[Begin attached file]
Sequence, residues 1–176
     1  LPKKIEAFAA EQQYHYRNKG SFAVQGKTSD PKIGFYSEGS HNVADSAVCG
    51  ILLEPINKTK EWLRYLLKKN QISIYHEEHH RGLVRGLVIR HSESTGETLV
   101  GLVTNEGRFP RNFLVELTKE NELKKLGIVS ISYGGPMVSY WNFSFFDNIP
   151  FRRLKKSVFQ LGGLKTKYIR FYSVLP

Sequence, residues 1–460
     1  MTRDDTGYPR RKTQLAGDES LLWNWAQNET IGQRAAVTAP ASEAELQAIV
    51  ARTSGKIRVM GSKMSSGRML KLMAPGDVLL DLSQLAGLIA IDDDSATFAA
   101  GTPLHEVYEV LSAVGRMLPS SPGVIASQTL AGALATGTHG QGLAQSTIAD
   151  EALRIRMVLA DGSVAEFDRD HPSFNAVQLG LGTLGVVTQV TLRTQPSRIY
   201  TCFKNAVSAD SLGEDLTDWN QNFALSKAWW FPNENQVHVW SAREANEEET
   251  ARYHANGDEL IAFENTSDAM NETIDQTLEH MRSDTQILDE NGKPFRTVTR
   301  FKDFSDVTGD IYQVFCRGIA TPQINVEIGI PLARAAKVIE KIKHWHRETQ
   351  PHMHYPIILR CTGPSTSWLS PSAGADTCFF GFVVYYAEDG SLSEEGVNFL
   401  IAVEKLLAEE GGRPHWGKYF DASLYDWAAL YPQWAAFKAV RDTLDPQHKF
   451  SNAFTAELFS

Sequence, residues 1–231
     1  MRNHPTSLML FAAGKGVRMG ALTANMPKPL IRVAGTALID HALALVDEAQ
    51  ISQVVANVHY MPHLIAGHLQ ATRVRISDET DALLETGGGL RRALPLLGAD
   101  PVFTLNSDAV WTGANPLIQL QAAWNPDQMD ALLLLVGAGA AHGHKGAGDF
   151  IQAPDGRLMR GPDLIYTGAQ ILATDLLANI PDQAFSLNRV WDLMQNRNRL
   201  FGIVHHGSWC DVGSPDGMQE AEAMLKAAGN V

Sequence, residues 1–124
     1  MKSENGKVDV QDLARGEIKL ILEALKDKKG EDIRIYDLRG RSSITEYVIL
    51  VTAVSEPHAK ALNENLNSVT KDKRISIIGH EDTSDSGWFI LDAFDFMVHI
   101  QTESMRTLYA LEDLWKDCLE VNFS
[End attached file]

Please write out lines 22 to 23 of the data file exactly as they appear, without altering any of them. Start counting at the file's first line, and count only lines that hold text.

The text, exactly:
   201  FGIVHHGSWC DVGSPDGMQE AEAMLKAAGN V

Sequence, residues 1–124